Sometimes removing code is more satisfying than adding it. For whatever reason, be it an appreciation for clean, elegant software, or a hint of OCD in my personality, I've been known to remove a lot of code in my commits. It's always a great feeling to deprecate that last usage of an old system, refactor duplicated functions, or eliminate some boilerplate code. The latest code cleanup mechanism we've been using on the Pricing team here at Rent the Runway is a tool called @AutoValue (that's a Java annotation, not a Twitter handle), developed and recently open-sourced by Google.
As the name implies, AutoValue helps automate the implementation of value classes; or classes that exist just to encapsulate some fields/values, and don't provide much additional logic. As an example value class, we have an 'Item' class at RTR which contains an ID, a barcode, and a few other fields.
A traditional Java implementation of a class like this can be a hundred lines of code (our Item class is almost that -- 94 lines), after you put in getters, setters, hashCode, equals, and toString functions. Most programmers will auto-generate these with their IDE, but the functions are a burden to review and maintain. The AutoValue documentation's description of these functions is spot on:
"Their wide expanses of boilerplate sharply decrease the signal-to-noise ratio of your code, and constitute probably the single greatest violation of the DRY (Don’t Repeat Yourself) principle we are ever forced to commit."
Why should a class that just holds a few fields take up a hundred lines of code?
That’s where AutoValue comes in. Our 94-line Item class was reduced to 21 lines once we AutoValue'd it. That’s a 78% cut.
Figure 1: Code bloat reduction after 30 minutes usage of @AutoValue ** Actual results may vary
But in all seriousness, if you take a close look at the before and after shots, you’ll notice the new class has exactly the info you want; and nothing else.
Here's the before shot, boilerplate galore:
Figure 2: Item.java - Without AutoValue
... and the after shot, simplified with AutoValue:
Figure 3: Item.java - With AutoValue
So how does this work?
All you have to do is create an abstract class annotated with @AutoValue, and include a static creator and getters for your fields. Behind the scenes, the AutoValue annotation processor generates derived source code, which you never have to see (but can if you want).
For example, here's the source code that AutoValue generated for our Item class, retrieved from a hidden compiler output directory:
Figure 4: Generated source code [gist]https://gist.github.com/rtannenbaum/9939177[/gist]
Some features, benefits, and uses
1. Prefer AutoValue over tuples. Tuples are often used as a convenient way to quickly represent a collection of fields, but the tuple obfuscates the fields’ meanings and relationships to one another. With AutoValue you can create a much better representation of your data, almost as quickly and succinctly.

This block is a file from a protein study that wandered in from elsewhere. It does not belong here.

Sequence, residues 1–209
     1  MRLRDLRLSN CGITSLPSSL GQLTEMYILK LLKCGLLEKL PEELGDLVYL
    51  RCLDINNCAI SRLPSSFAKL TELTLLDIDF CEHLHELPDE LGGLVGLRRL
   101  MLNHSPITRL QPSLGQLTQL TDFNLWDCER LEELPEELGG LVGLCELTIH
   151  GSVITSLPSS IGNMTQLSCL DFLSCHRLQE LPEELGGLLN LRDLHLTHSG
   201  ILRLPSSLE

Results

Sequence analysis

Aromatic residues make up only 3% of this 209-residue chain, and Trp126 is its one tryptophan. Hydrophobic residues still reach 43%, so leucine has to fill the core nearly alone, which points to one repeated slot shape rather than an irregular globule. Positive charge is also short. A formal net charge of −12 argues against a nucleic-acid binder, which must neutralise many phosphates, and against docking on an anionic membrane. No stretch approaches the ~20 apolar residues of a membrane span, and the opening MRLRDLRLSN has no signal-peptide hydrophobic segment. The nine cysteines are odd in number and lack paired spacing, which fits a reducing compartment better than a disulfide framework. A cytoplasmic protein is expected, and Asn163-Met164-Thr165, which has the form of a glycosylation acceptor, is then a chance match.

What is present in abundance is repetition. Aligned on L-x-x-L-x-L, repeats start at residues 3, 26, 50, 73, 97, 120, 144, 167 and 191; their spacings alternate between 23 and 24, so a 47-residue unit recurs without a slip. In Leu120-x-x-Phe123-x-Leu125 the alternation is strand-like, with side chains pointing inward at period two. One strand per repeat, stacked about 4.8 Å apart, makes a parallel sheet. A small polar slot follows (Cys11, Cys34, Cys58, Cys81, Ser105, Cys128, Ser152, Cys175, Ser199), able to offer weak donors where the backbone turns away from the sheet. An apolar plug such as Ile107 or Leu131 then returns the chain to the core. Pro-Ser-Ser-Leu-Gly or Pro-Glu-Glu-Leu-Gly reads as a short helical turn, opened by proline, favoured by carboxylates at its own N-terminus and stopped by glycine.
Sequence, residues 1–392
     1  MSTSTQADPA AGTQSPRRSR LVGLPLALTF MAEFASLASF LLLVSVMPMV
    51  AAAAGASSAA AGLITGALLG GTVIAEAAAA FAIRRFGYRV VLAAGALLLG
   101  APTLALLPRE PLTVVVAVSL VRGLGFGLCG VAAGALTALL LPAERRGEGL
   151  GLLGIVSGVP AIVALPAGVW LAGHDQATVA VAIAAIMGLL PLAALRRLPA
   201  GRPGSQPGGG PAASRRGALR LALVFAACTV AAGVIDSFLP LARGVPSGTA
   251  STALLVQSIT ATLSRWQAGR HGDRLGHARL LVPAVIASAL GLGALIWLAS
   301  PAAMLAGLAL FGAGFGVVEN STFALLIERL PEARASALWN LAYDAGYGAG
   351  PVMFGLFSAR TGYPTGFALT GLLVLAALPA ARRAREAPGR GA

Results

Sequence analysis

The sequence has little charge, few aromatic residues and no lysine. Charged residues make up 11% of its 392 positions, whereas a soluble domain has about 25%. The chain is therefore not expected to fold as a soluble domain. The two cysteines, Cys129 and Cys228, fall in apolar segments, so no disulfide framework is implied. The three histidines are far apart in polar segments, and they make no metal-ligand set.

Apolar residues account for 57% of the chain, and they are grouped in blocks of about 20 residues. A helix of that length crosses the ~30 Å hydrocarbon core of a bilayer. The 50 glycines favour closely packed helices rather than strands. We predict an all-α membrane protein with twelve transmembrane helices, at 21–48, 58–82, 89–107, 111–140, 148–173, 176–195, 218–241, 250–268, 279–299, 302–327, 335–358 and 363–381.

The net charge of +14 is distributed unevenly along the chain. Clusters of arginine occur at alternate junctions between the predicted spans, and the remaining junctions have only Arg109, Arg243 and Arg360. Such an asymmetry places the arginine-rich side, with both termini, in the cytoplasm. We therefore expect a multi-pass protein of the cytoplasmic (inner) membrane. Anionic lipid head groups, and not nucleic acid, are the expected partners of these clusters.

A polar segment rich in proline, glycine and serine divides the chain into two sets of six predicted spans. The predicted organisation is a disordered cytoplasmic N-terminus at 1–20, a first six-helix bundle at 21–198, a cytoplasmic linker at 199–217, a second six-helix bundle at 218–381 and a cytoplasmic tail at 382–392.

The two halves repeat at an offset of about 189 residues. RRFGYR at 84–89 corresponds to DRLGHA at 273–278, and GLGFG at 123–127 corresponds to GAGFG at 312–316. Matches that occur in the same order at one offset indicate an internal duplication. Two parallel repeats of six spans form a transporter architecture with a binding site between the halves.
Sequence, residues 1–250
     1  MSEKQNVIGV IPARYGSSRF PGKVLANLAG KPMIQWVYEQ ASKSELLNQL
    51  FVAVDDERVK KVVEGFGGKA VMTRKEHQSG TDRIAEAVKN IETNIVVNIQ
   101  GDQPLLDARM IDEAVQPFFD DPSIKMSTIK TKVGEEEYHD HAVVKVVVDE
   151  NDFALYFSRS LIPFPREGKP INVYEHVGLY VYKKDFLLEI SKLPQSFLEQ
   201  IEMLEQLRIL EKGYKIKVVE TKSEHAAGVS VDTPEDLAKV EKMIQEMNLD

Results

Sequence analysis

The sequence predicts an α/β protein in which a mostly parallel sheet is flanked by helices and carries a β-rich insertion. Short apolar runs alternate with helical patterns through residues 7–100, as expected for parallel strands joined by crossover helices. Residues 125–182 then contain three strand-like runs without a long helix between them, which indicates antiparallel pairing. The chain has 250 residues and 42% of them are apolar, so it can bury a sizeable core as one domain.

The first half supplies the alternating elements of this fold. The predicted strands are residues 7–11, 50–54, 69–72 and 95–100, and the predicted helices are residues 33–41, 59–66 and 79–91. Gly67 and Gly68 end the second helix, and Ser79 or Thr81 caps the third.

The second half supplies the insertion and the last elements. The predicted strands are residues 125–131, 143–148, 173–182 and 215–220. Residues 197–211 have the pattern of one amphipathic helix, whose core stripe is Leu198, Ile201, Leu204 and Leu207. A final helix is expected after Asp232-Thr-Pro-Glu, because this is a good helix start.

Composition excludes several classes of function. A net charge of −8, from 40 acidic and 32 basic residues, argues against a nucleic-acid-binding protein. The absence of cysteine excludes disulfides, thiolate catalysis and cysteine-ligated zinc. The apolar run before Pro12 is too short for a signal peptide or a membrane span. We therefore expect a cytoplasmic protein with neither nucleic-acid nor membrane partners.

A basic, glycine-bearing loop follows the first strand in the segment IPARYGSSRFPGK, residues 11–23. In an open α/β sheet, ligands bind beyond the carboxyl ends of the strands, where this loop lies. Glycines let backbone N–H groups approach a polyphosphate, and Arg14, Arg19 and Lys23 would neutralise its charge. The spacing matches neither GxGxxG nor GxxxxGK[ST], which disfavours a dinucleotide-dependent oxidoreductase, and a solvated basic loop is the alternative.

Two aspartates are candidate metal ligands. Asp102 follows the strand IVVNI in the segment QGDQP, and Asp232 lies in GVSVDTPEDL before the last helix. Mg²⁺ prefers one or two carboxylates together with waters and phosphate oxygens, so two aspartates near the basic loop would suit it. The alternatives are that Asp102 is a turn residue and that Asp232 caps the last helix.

2. JSON serialization is easy with Jackson annotations. Just annotate the creator with @JsonCreator and the fields with @JsonProperty, and your class will serialize to JSON.
Figure 5a: Jackson serialization [gist]https://gist.github.com/rtannenbaum/9922330[/gist]
Figure 5b: Serialized JSON [gist]https://gist.github.com/rtannenbaum/9922344[/gist]
3. AutoValue helps prevent null pointers. It includes null checks on every field by default, unless you specify @Nullable fields in the creator. It’s easy to forget null checks and propagate null pointer exceptions (see Figure 2 -- no null checks), so it’s nice that AutoValue takes care of this for you.
4. AutoValue makes your classes immutable. It’s easy to forget to do this too (see Figure 2 again -- no final fields; this is the last time I’ll pick on this code ...), so it’s nice that AutoValue takes care of this as well. (Here are some benefits of immutability)
If you do want mutable fields, AutoValue doesn’t support it directly, but it’s easy to work around. In our Item class, say we want to make ‘barcode’ mutable. Including a 'withBarcode' function kind of cheats (by making a new object), but is a clean way to change a field's value if you don’t mind the overhead of a new instance:
Figure 6: “Mutable” fields
5. … and many more in the AutoValue documentation.
You may need to tweak this slightly depending on your Maven configuration, but we integrated AutoValue into our build using the following pom.xml entries:
- auto-value dependency: [gist]https://gist.github.com/rtannenbaum/9922381[/gist]
- annotation processor plugin [gist]https://gist.github.com/rtannenbaum/9922396[/gist]
- compiler plugin, with annotation processing disabled in the compile phase (compilerArgument -proc:none) to prevent duplicate source files from being generated: [gist]https://gist.github.com/rtannenbaum/9922409[/gist]
That’s all. We hope you have fun reducing your code bloat too!